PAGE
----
Heading to Morocco - Travel advice

I’ve finally bought the tickets & gotten the time off. I’ll be heading to northern Morocco for (and possibly very southern Spain) for a short vacation.

I’m going with a tour group for part of the trip (though they’ll claim that I’ll have a great deal of unstructured time) and on my own for part.

Anything/where I should make sure to see or do?

Haggle. (Okay, I’ve never been but my friend said it’s great!)

I was in Morocco about 30 years ago. Not sure if my advice would still be valid, but FWIW, here it is. All this is IME:

Visit the casbah, or souk. Haggle, as has been said. Make sure you have exactly what you bargain the vendor down to–you don’t want to talk him down to a figure, only to give him a large-denomination bill and ask for change. His reaction will be, “Well, if they had this in the first place, why didn’t they just haggle to this amount?” BTW, cash is king in the souk; credit cards are accepted by some vendors, but everybody will accept cash. Western hard currencies are welcomed, but local currency is fine too; I used US dollars, Canadian dollars, and Spanish pesetas, in addition to Moroccan dirhams, when I was there. All were happily accepted.

Avoid buying a drink from the water-sellers carrying tanks on their backs. Their water is questionable, and there are very few public washrooms available. They are colorful and cultural, though, and will gladly pose for a photo in exchange for a tip.

Respect the cultures and traditions of Morocco, and Moroccans. You will see people in Western business wear on the streets, as well as men in traditional djellabas, and women scarved and veiled according to Islamic tradition. Like the former, the latter are going about their normal business, and don’t want to be bothered by tourists looking for photos, or commenting on them. For them, this is an everyday affair. Your tour group may have arranged some traditional Moroccan events at which you can take plenty of photos. Still, no harm in listening for the muezzin to call the faithful to prayer at noon, or in taking photos of some particularly beautiful mosaic work on a mosque.

You may be bothered by children, looking to act as your guides in the cities. They’re trying to make some money. They don’t take no for an answer, and they will follow you, but insist they are “guiding” you. Best thing to do is know where you’re going so you don’t need to ask for directions, but also to have a good supply of small change handy–they will claim “you owe me for guiding” when you get where you’re going, but they can be appeased with some coins.

Good souvenirs include brass work, leather work, and textiles. I still have a beautiful, hand-woven blanket I bought in Morocco, and a nice hand-worked brass tray.

Expect to pay a lot for alcohol. There is no prohibition on alcohol for non-Muslims, but Morocco is a Muslim country popular with Western tourists. So, they will supply it–but at a price. As an example, when I was there, a bottle of beer in a bar was about three times what I paid back home for the same thing.

As always, politeness and a willingness to communicate goes a long way. Although Arabic is the official language, French is widely understood as a result of history, and many people understand English. Naturally, in the name of politeness, you don’t want to insist that the Moroccans use English, but IME, they didn’t seem to mind if I tried English first. If my native English didn’t work, I had no problems with using French. I don’t know if you speak Arabic or French, but since French may be more familiar and easier for you than a crash-course in Arabic, you may want to bone up on bonjour, s’il vous plait, merci, and other polite and common French words and terms that help with communication.

As I said, it’s been 30 years since I was there, but I hope this is helpful.

I would bring a small water purifier and only drink bottled water if possible. Even coffee made with bad water can make you ill and you want to enjoy the trip. I think they also sell tablets that you can add to the water?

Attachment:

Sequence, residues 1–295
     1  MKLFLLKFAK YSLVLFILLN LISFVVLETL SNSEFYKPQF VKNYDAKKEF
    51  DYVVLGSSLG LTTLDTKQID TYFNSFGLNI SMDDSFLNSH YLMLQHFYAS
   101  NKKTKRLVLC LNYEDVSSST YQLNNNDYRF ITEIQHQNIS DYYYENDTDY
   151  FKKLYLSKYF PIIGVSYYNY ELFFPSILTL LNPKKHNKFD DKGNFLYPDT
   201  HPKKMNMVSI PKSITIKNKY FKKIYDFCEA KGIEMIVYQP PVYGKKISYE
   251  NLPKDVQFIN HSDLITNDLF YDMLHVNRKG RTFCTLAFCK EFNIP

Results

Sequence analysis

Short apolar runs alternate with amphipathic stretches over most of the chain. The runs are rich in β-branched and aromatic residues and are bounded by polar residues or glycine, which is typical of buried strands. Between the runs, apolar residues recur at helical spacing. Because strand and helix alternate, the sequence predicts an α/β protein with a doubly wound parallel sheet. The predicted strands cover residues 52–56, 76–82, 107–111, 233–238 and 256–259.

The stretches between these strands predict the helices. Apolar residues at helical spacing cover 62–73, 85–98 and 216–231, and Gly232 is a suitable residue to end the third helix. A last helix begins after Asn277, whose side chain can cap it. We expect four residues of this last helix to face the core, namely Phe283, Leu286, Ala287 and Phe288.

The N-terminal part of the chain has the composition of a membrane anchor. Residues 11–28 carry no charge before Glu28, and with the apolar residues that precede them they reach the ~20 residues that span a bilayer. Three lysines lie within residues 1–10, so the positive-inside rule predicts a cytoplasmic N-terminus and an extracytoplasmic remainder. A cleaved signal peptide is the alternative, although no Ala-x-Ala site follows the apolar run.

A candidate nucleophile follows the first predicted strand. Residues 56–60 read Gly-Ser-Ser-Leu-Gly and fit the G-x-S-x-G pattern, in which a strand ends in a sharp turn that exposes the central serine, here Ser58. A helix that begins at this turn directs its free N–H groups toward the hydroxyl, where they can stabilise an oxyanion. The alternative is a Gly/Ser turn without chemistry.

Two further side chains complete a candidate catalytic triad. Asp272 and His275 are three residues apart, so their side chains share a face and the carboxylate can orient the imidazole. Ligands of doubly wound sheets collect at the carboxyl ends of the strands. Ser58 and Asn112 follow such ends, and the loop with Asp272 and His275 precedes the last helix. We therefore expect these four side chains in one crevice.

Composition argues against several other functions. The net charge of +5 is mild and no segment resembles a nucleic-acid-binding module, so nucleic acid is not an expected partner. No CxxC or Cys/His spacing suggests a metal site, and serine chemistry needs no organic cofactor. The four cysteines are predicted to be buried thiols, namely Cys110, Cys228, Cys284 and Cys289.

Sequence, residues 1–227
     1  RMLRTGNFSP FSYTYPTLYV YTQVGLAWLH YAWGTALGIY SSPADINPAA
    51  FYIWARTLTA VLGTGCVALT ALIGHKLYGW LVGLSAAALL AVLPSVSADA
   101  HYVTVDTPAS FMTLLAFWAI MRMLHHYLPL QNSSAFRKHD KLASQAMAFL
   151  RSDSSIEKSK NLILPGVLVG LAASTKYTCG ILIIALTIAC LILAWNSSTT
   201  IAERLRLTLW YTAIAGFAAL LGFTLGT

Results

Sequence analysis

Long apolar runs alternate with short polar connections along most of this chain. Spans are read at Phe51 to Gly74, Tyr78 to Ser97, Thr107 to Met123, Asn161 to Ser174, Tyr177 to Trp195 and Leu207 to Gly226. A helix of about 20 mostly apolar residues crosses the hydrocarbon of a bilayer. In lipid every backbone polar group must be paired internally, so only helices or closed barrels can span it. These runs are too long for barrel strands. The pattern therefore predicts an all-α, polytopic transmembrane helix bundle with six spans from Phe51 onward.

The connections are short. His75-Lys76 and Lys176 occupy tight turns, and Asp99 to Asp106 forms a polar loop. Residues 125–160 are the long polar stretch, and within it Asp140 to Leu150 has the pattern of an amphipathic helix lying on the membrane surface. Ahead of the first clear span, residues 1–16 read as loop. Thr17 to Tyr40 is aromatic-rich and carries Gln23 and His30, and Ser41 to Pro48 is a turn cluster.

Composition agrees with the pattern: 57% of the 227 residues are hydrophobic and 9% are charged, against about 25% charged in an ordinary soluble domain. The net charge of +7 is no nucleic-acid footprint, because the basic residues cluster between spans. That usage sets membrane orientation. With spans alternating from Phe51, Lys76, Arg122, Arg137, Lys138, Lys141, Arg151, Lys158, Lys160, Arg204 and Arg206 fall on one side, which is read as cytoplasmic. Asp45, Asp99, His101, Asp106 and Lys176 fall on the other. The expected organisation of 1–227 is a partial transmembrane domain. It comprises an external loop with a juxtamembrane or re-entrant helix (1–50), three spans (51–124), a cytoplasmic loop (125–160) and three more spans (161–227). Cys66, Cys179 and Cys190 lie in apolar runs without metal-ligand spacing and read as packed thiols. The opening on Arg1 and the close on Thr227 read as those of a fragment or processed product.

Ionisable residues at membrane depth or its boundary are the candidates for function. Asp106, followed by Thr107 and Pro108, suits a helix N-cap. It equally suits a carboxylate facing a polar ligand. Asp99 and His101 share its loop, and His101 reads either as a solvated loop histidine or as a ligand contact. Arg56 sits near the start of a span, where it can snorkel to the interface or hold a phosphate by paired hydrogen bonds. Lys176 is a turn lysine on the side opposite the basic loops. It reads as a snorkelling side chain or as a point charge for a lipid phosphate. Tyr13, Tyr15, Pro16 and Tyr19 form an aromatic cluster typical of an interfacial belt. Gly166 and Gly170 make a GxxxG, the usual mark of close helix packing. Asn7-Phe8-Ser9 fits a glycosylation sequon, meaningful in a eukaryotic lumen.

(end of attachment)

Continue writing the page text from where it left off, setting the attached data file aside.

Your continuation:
I’ve traveled in Morocco (in October2001) and if there was one thing I would do going back it would be- disguise myself! As Spoons mentioned, the “tour guides” there are out of control and they can spot you as easily as if you had “American” stamped on your forehead. It wasn’t just children when I was there either. Wherever we went, men followed us around cajoling us to come to this place or that. It was absolutely exhausting.

If I were you, I would buy an inexpensive djellaba right away (cheapo ones can be had for around $10), and a cap if you are male or headscarf if you are female. You aren’t going to fool anyone you speak to, but it will definitely curb harassment from the types who look at Western-style clothing and see “TOURIST” in big flashing letters.

Be wary of anyone who wants to lead you anywhere to buy things such as carpets, djellabas, furniture, etc. The “guides” are paid commission by vendors to bring in gullible sheep which they can swindle with outrageous prices. You’re better off exploring on your own or hiring a government-sanctioned tour guide.

Also, seconding Spoons that basic French is useful, especially numbers so you can haggle. Moroccans haggle about everything. We couldn’t even get in a taxi without haggling over the price first.

I was totally incautious with the water (drank from taps) and fresh vegetables while I was there (ate as many as I could find) and I didn’t have a single intestinal problem. Enjoy the food; some of the best in the world, I think!

Ages ago, a friend of mine when to Morocco and was invited by a local family for dinner. He told me this story.
As is custom, food is eaten with the hand.
My friend is left handed and grabbed with his left hand and they took the plate away from him.
The son, who spoke English, told him why this is in poor form.
The right hand is for eating food, and in a country where toilet paper is/was non-existent for the most part, the left hand was for cleaning yourself.
Hence, thieves would have their right hands cut off in days of yore, so they would be forced to eat and clean themselves with the same hand.

Thanks for the advice.
Anyone else?

I have this ingrained in my brain from my month long visit in 1971.

English?
NO
American?
YES
New York?
NO
California?
YES
djellaba?

I was there with 4 other guys I met while backpacking through Europe.

We were “guided” (the guy pretty much just jumped in our van at the border and hired himself) through Tétouan about an hour after arriving from Spain.

He led us through these winding narrow streets and we were all in culture shock as kids came up and tried to get money from us and clumbsily pretended to try to pick our pockets.
(to this day I don’t carry a wallet because of that day…I carry my cash safely in a pocket and credit cards and drivers license in the other where I can feel them)

The locals pointed and laughed at us because they thought we had paid this guy and he was going to rip us off.